The W OBentley Memorial Fund has kindly sent some photos of Alvis in their collection including this one. But which one is it?
Steve Horne was in contact with the organisers of the Hampton Court Concours of Elegance and reminded that we could nominate a candidate for the Inter-Club Concours on Friday 31st August 2018. George Butlin was persuaded that his 1938 Alvis Speed 25 Drophead – coupe by Charlesworth, substantially modified during its construction by Hoopers, definitely needed an airing and a good polish.
George was left to his frenetic preparations and to finalise the details of his entry ‘By invitation’, direct with the organising committee. Thankfully, he had prepared a most suitable resume of the car’s history with some fine references to the Hooper connection, its wartime exploits and political canvassing in the post-war years prior to George’s ownership and of course there is no-one better able to describe with passion the intricacies of the Speed 25 model and his own car in particular.
As an Alvis Owner Club nominated entry, George entered alongside a huge array of immaculate and very distinguished marques with equally important historical significance, so it says much for the quality of the restoration and his constant upkeep, that the panel of selected Royal Automobile Club judges decided that his Alvis Speed 25 should be the RAC Club Trophy winner.
This huge accolade was followed by presentation of the car in the Rotunda at The RAC Club in Pall Mall.
March 2018 – Photos from the Rivers Fletcher Collection
January 2018- Speed 25 of the month now in Düsseldorf (photo Eckard Günnewig)
The Speed 25 Register was first published in August 1986 (no.12) and reissued in March 2002 (no.31).
Some 391 cars are listed in the following chassis sequences:
The following gallery is sourced mainly from the Ernest Shenton Collection. You can click on any photo to start the gallery and make comments on any photo.
Dave Culshaw has researched the number of Speed 25 tourers made. These bodies were numbered in a 30000 series going back to the 1920s and had progressed to a block of 30206 to 30346 used for SA to SD Speed 20s.
A prototype body was first built numbered AS136 (Alvis Special) on chassis13326. Then followed 31001 to 31039 which were all 25s except for 31034 mounted on a 4.3 litre 14810. Total thus far = 39.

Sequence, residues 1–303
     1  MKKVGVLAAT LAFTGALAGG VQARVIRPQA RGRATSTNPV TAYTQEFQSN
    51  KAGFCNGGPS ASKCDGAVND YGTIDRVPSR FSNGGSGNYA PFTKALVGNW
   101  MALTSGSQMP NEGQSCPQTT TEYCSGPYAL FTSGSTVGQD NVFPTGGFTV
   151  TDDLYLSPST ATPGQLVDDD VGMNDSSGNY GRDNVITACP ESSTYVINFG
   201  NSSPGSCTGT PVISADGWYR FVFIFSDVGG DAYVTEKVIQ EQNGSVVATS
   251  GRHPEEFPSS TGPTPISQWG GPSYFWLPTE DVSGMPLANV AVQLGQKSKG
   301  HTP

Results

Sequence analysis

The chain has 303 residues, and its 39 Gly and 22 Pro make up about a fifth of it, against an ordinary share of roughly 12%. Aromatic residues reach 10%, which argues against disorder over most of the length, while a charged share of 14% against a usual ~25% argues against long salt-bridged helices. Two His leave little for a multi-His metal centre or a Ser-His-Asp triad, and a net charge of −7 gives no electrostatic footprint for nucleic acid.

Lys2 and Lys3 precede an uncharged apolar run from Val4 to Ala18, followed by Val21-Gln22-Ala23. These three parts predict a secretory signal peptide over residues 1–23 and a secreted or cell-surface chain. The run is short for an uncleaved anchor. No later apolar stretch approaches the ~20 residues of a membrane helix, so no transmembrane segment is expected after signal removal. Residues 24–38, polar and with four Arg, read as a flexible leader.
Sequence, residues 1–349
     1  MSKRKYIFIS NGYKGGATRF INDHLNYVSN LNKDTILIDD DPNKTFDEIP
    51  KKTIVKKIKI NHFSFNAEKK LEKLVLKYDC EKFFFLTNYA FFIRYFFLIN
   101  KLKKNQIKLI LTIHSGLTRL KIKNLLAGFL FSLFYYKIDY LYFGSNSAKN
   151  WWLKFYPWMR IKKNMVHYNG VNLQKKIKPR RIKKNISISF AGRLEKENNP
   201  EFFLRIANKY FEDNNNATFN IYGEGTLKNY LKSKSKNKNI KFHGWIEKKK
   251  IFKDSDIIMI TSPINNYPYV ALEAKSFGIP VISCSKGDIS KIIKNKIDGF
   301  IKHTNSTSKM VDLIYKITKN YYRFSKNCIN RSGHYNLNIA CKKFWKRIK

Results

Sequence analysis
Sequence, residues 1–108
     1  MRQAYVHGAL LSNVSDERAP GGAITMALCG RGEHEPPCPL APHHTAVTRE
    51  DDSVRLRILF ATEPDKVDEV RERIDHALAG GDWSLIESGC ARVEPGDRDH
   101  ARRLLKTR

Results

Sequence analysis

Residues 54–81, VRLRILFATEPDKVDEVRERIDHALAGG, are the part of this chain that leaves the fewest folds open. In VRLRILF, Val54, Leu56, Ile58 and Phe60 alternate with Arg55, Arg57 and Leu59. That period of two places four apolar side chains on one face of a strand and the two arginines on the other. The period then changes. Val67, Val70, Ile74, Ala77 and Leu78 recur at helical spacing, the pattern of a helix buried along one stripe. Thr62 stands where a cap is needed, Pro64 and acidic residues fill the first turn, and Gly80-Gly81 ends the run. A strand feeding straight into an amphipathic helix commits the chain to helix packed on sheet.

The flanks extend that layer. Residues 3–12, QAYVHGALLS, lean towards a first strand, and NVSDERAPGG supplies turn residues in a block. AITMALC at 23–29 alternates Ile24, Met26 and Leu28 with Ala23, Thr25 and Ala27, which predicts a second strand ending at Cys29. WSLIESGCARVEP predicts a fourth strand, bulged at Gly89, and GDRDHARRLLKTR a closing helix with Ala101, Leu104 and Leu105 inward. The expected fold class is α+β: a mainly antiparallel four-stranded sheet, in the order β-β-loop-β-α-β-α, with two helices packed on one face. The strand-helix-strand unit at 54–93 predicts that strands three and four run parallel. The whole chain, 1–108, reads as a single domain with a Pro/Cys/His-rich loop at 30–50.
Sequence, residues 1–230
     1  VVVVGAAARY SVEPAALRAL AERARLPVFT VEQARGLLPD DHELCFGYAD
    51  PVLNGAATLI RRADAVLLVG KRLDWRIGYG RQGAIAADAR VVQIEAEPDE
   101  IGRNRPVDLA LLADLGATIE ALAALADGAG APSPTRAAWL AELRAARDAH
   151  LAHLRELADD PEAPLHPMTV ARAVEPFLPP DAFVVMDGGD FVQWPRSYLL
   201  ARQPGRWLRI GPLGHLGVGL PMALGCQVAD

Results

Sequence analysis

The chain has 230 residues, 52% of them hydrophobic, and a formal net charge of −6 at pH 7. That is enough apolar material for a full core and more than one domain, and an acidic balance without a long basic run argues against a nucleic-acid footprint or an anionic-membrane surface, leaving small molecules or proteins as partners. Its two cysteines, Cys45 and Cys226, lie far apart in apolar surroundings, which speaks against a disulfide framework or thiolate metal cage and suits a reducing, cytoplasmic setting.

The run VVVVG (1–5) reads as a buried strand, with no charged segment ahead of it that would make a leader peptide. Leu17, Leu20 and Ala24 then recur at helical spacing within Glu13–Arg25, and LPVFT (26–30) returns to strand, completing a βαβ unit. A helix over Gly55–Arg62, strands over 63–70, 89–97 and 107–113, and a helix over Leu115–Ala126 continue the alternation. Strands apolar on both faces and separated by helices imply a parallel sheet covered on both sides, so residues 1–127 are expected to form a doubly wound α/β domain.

At 31039 the Cross & Ellis insolvency occurred when there were still ten or so incomplete frames around the factory. These were taken over by Charlesworth for completion and given Charlesworth numbers 14811 to 14820.
14814 and 14818 cannot be accounted for and would appear to have been destroyed in the blitz on November 14th 1940 but the remaining eight are all accounted for by chassis and registration numbers.
Total production was therefore 47 of which 39 were C &E and 8 Charlesworth which are visually identical. The car below was repatriated to the UK by Brian Classic.
This car features a dry sump 4.3 litre engine. Dave Culshaw’s PPS article in Bulletin 443 gives more detail of its history.
The Bradnum’s Speed 25 tourer ERF 349 featured in Classic Cars magazine recently and researching its history produced enough material for a book. It was originally owned by the 6th Viscount Newport and a request to the Weston Park Foundation for a photo when new produced one not of the Speed 25 but of an earlier car.
A 1938 Speed 25 when new; Photo Pete Negmeth; see Bulletin 539 for the story to date
Speed 25 with Idris Francis at South East Alvis Day 2001
The Charlesworth saloon was the most numerous of the Model. This example has passed through the hands of several AOC officials and resides with Wayne Brooks.